skip to main content

Title: Hierarchical, Grid-Aware, and Economically Optimal Coordination of Distributed Energy Resources in Realistic Distribution Systems
Renewable portfolio standards are targeting high levels of variable solar photovoltaics (PV) in electric distribution systems, which makes reliability more challenging to maintain for distribution system operators (DSOs). Distributed energy resources (DERs), including smart, connected appliances and PV inverters, represent responsive grid resources that can provide flexibility to support the DSO in actively managing their networks to facilitate reliability under extreme levels of solar PV. This flexibility can also be used to optimize system operations with respect to economic signals from wholesale energy and ancillary service markets. Here, we present a novel hierarchical scheme that actively controls behind-the-meter DERs to reliably manage each unbalanced distribution feeder and exploits the available flexibility to ensure reliable operation and economically optimizes the entire distribution network. Each layer of the scheme employs advanced optimization methods at different timescales to ensure that the system operates within both grid and device limits. The hierarchy is validated in a large-scale realistic simulation based on data from the industry. Simulation results show that coordination of flexibility improves both system reliability and economics, and enables greater penetration of solar PV. Discussion is also provided on the practical viability of the required communications and controls to implement the presented scheme within a large DSO.  more » « less
Award ID(s):
Author(s) / Creator(s):
; ; ; ; ; ; ; ; ; ; ; ; ; ;
Date Published:
Journal Name:
Page Range / eLocation ID:
Medium: X
Sponsoring Org:
National Science Foundation
More Like this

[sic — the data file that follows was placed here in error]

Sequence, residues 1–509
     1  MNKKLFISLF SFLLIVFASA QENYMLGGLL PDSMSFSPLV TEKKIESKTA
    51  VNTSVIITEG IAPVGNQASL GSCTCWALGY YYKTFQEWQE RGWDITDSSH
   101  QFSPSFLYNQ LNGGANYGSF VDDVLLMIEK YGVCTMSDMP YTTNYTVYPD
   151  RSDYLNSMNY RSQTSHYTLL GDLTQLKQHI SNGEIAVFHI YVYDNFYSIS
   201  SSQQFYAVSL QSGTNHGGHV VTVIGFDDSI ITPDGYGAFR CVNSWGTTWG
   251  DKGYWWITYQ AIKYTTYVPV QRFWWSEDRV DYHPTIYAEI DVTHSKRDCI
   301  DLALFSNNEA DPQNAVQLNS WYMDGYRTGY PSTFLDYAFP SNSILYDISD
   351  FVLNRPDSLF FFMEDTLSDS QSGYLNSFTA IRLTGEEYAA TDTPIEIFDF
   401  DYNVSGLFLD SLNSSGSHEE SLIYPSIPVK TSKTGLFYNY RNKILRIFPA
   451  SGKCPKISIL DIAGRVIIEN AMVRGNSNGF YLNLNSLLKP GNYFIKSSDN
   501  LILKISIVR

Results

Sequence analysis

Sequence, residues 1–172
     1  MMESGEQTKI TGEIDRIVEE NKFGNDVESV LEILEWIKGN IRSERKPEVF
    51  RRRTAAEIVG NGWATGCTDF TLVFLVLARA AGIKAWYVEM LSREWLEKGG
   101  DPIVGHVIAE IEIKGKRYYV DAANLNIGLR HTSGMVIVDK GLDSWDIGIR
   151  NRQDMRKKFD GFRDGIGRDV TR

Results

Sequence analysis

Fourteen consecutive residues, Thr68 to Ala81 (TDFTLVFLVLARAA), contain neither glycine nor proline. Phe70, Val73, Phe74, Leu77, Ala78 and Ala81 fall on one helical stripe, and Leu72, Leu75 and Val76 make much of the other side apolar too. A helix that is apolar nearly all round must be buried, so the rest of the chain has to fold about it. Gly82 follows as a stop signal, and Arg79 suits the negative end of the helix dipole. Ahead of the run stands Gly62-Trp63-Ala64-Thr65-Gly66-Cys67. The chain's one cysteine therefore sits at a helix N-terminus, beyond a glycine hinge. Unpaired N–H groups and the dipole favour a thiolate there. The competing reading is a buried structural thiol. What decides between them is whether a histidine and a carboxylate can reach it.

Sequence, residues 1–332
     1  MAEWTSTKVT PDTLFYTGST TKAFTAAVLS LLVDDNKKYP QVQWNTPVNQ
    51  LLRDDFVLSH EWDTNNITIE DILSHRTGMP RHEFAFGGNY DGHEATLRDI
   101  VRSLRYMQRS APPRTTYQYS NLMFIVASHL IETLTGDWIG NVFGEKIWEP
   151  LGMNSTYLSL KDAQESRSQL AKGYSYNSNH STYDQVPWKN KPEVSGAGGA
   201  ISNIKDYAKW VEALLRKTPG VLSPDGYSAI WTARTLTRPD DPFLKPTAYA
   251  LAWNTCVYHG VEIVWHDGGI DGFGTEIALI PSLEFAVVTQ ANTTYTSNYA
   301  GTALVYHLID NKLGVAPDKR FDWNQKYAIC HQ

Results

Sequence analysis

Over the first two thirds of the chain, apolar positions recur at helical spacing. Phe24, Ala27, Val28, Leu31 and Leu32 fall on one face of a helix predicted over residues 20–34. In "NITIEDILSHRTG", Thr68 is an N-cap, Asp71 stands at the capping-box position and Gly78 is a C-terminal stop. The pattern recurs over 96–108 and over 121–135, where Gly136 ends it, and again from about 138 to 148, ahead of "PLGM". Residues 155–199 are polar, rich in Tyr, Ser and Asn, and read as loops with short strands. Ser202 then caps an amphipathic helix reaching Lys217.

1. Power grids are evolving at an unprecedented pace due to the rapid growth of distributed energy resources (DER) in communities. These resources are very different from traditional power sources as they are located closer to loads and thus can significantly reduce transmission losses and carbon emissions. However, their intermittent and variable nature often results in spikes in the overall demand on distribution system operators (DSO). To manage these challenges, there has been a surge of interest in building decentralized control schemes, where a pool of DERs combined with energy storage devices can exchange energy locally to smooth fluctuations in net demand. Building a decentralized market for transactive microgrids is challenging because even though a decentralized system provides resilience, it also must satisfy requirements like privacy, efficiency, safety, and security, which are often in conflict with each other. As such, existing implementations of decentralized markets often focus on resilience and safety but compromise on privacy. In this paper, we describe our platform, called TRANSAX, which enables participants to trade in an energy futures market, which improves efficiency by finding feasible matches for energy trades, enabling DSOs to plan their energy needs better. TRANSAX provides privacy to participants by anonymizing their trading activity using a distributed mixing service, while also enforcing constraints that limit trading activity based on safety requirements, such as keeping planned energy flow below line capacity. We show that TRANSAX can satisfy the seemingly conflicting requirements of efficiency, safety, and privacy. We also provide an analysis of how much trading efficiency is lost. Trading efficiency is improved through the problem formulation which accounts for temporal flexibility, and system efficiency is improved using a hybrid-solver architecture. Finally, we describe a testbed to run experiments and demonstrate its performance using simulation results.